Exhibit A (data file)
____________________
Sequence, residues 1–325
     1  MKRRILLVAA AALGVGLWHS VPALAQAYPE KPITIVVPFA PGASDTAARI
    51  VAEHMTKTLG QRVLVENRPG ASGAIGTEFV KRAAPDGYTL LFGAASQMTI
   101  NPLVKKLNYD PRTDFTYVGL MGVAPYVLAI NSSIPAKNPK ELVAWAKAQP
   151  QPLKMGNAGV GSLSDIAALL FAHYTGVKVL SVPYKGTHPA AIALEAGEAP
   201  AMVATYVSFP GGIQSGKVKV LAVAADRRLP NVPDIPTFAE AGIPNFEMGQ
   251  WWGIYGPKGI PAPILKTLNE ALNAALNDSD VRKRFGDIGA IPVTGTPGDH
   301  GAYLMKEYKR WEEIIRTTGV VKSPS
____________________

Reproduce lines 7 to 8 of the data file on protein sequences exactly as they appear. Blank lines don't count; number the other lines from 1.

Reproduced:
   251  WWGIYGPKGI PAPILKTLNE ALNAALNDSD VRKRFGDIGA IPVTGTPGDH
   301  GAYLMKEYKR WEEIIRTTGV VKSPS